23 Community pharmacy - part 1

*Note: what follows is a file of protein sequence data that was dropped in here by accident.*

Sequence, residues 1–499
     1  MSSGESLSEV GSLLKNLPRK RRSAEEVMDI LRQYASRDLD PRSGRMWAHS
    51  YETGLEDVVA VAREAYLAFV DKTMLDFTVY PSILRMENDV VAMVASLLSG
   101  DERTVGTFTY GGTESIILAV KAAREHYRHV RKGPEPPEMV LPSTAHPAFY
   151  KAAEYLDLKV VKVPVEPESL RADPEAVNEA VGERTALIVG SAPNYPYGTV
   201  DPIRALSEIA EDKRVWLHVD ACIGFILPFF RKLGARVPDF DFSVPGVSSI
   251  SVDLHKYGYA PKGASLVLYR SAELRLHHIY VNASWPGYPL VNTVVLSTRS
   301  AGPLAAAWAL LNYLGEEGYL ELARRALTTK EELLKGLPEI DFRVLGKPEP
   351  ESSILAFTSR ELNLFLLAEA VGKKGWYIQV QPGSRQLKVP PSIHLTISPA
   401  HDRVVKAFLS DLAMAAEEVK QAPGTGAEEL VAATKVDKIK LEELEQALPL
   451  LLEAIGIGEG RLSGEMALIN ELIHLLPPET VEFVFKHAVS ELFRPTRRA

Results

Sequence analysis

The Community and hospital pharmacy subjects are not being taught the way they should be taught. With due respects and regards to the authors and teachers, I am helpless but to feel that there appears to be an oversimplified understanding of the retail drug industry among the teachers and authors. The main gaps I find in the curriculum, books and teachings are; 1. They are not from the professionals or from people with field experience. 2. Field is having totally a different outlook, ambience and challenges 3. Lots of myths and unfounded issues and doubts are being taught into the young minds 4. More of clinical intervention is emphasized unnecessarily at the cost of ways and means to professionalize the service to support the clinical system 5. Issues that are not of much concern to the pharmacist like CSSD, RUD are given over importance. 6. Actually there is absolutely no role in RUD for community pharmacist. The CSSD is the nurses domain in the hospital Incidentally, Dr Hipparigi Professor of Pharmacy KLE College of Pharmacy, Bangalore called on me last week and requested me to inaugurate a workshop on 'Community pharmacy' and also requested me to deliver a lecture on community pharmacy. This prompted me to advance my bog writing on community pharmacy which I wanted to upload after completing hospital pharmacy. The blog on community pharmacy I will upload part by part as the matter to be covered is so vast both in width and depth; Each sub-head in this blog needs an hour or two to complete the discussion under various parameters. Vision of Dr Abdul Kalam for 2020 ? Promotion of safe & effective rational medical use, patient counseling, monitoring disease management . ? To fill gap for the money spent by men & the full potential beneficiary results from economic, clinical, humanitarian perspective ? Preparing paramedics & technicians with quality training Community pharmacy is a place / establishment / institution where drugs are stocked for retail sale under valid license issued under Drugs & Cosmetics Act 1840. Though not exactly correct, the Chemists shops we find in the drugs market in India could be considered as community pharmacies. Well, I don't know how the term 'Chemists & Druggist' came into use for our medicine shops. The term 'Medicine shop' would have been more appropriate. Our law doesn't consider these chemist shops as 'Pharmacy' as the term carries a defined definition in the books of law. A place licensed for compounding and dispensing of formulations as per the prescription of a Registered Medical Practitioner is called 'Pharmacy'. The law issues the license to the retail trade under the caption; "License to sell or distribute the drugs ...." Hence, I strongly feel there is a need to amend the definition of 'Pharmacy' under the D& C Act and the caption of license under the Rules. Well now let us discuss rather briefly (considering the time limit I have) how to go about to establish a community pharmacy; 1. Decision ? First a formal decision should be taken on the desire to start a drugs business. ? Since community pharmacy ultimately is a trading activity with only about 20% technical input, the decision taken should be logical after considering alternates in the trading sector. ? When an organization or an individual takes a formal decision to start a community pharmacy it should consider and evaluate the following issues before proceeding ahead with the project; 2. S W O T analysis; It is an analysis of; - Strength; assessment and consolidation of strength available within. - Weakness; Honest confession and assessment of strength and weighing it against the strength. - Opportunity; Cursory evaluation of opportunities available and to be explored - Threat; Set backs due to market recession and competition [I suggest to all teachers to demonstrate SWOT analysis to their students] 3. Location - Location should be very carefully and cautiously considered. - A wrong decision at this level will ruin the business venture. - Area survey (Pre-market survey) should be carried out for; o Population density, o Doctors population, o Potential prescription sources, o Average foot-falls (Morning, Afternoon, Evening and night) in the located premises, o Average economic status of the population and their taste and life style, o Parking facility, o Safety and convenience for women, children and aged o Approachability for the vendors vehicles etc.. 4. Manpower; Appointment and posting of Qualified Registered pharmacist, shop-helpers, defining authorities with scope and limitations, appointment of auditors etc.. Defining and assigning of the job responsibilities of each category of staff and Key responsibilities for evaluation, 5. Infrastructure; Furniture for receiving stocks, storage as per storage specifications required, Installation of equipment including computer systems with broadband connectivity and LAN wherever necessary, Display shelves with shelf-talkers for OTCs, lighting system provision that is aesthetic and pleasing, good ventilation system, temperature and humidity regulating system, 6. Establishment; Obtaining the drug license 7. Business promotion; a. Marketing: - Pre-market survey; o Assessment of market potential, short listing of category of items that could be on demand. o Strategy to promote overall business and specific category to a better level, evolving schemes and devices to attract foot-falls o Ways and means to convert maximum number of visitors into buying customers b. Merchandizing; - Marketing brings the people into the shop and merchandizing brings the visitors close to the product and tempts them to pick, read the label and feel. It involves; ? stocking and Display of items to tempt the visitors to pick, see and feel the product, ? Shelf-talkers to inform the customers on the price and offers ? Personal assistance to understand their needs and guide them to the right OTC product etc.. 8. Logistics; Supply chain management is a crucial process to ensure the needs of the customers are always met obviating scarcity and loss. It involves; a. Preparation of master list of needs, categorization, Codification of items prioritization and quantification b. Preparation of master list of vendors, item-wise vendors in the order of preference and codification of vendors c. Carrying out commercial discussion, negotiation to define supply and payment terms d. Establishing a sound procurement policy, SOP, and Stock management, goods retuning system and waste disposal e. Documentation of goods in and out movement preferably on computer system to ensure System generated billing with a back up for manual billing in case of failure of computer system. 9. Fund sourcing, management and accounting; A. Assessment of fund requirement for; ? Capital investment; a. Building b. Furniture; storage and display racks, gondolas c. Lighting, ventilation, Air conditioning system, boards d. Equipments - refrigerators, computers, printers, fax machine etc.. ? Working capital; e. Statutory payments, f. Salary and consultancy components, g. Merchandizes; Drugs, cosmetics, Food and Nutrition etc.. h. Contingencies i. Repairs and maintenance j. Business promotion activities B. Negotiation with banks / financiers for better bargain 10. Operation - Civil and electrical maintenance and developmental activities, overall supervision of staff performance and Public relations etc.. ? Auditing; - Stock audit; Study of stock dynamics, identification and disposal of dead loads, physical stock Vs book value etc Accounts audit: Auditing of accounting of revenue and expenditures and evaluation of expenditures Performance; Based on evaluation of key responsibilities assigned Quality audit; Quality of personal presentation, communication knowledge, skill, conversion into revenue gain, etc 11. Ethics & Professionalism; A. Persons having specialized knowledge, skill and who provide value added reliable service are called a professionals. - For example; Clinician, Nurse, physiotherapist, technicians in radiology and pathology, laboratory, Advocate, Painter, Carpenter, Cobbler, Taylor, Electrician, Mechanic, Plumber - are all called 'Professionals'. They are indispensable no others can be substituted to do their job. B. Likewise the pharmacist is also a 'Professional'. The law has recognized him as a 'Professional' to carry out sale or distribution of drugs. - But unfortunately the pharmacist has betrayed the people at both ends and has deliberately and knowingly allowed all and sundry to do his job even in his absence. - Hence, the society is unable to accept him as a professional in the way he is functioning now. C. Why the law recognizes him as a 'Professional' and restricts the privilege only to him? [The law is made by the people and when we say the law demand or enforces it means in a democracy the people are demanding and enforcing i. Drugs are very sensitive molecules and the formulations are much more sensitive to the environment. ii. They need to be handled, cared, distributed / dispensed with utmost care with due documentation and counseling so that they retain their consistency and potency till they are consumed. iii. The professional care-chain that starts at the manufacturing level should continue up to the patient's bed. D. Hence whether a person in the 'Garb of the pharmacist' likes or dislikes, there is no second opinion that professional service is required in the drugs management and dispensing and should be delivered in the interest of the patient. No choice is left to the person in the 'Garb of a pharmacist' to ignore his professional obligation. E. Any person who is incapable or doesn't want to serve as a 'Professional pharmacist' but wants to enjoy only the privileges of a 'Pharmacist' cannot exist as a pharmacist. Hence he should reform himself and change his mind set to fall in line otherwise he should 'quit'. Though it looks very harsh, it is good for the profession, to the clinicians and to the public. F. Who wants professional service? (in other words Who cares?) 1. Well, as on now neither the doctor nor the public know what kind of professional job could be expected at the chemist's counter, beyond selling of medicines prescribed or demanded. 2. They are ignorant of the need to receive only from a pharmacist or have resigned from the idea due to apathy of the pharmacist. 3. People's representatives demand from the Government to post a doctor, a nurse, a technician. But they never have demanded the posting of a pharmacist. This is because his hob has become 'Anybody-can-do' job. 4. This can be interpreted both optimistically and pessimistically like the case of a shoe market survey in an island; i. Optimism; There is a huge potential to provide professional service and the field is fertile. ii. Pessimism; There is neither demand from the doctor nor from the public. Hence it is futile to talk of professionalism. 5. If we are pessimistic, well there is no need for monopoly and lets close the show and open the door for any science graduate to carry out the trade. If done, this will be disastrous crime committed on the ignorant people. 6. Hence professional service is the need of the hour and I advocate whoever is pessimistic should quit the profession. 7. Professionalism is nothing but value addition to the job done. i. Picking a strip of tablet from the shelf and handing over to the client is 'Any body's' job. ii. But ensuring; a. Correct storage, b. Understanding the prescription, c. Checking the strength and dose d. Dispensing to the client with due information and instructions on storage, handling and dosage regimen and what side effect to expect and what to do in case of such an event, what activities / risks he should avoid etc - are value additions to the job that can be delivered only by the professional Pharmacist D. Therefore, whether it is demanded or not it is the bounden duty of the 'Pharmacist' to deliver Professional service, in the best interest of the clinicians and public. As a professional he should provide all round material and service support to the client. I will discuss "How to give professional outlook?" in my next blog. Thank you.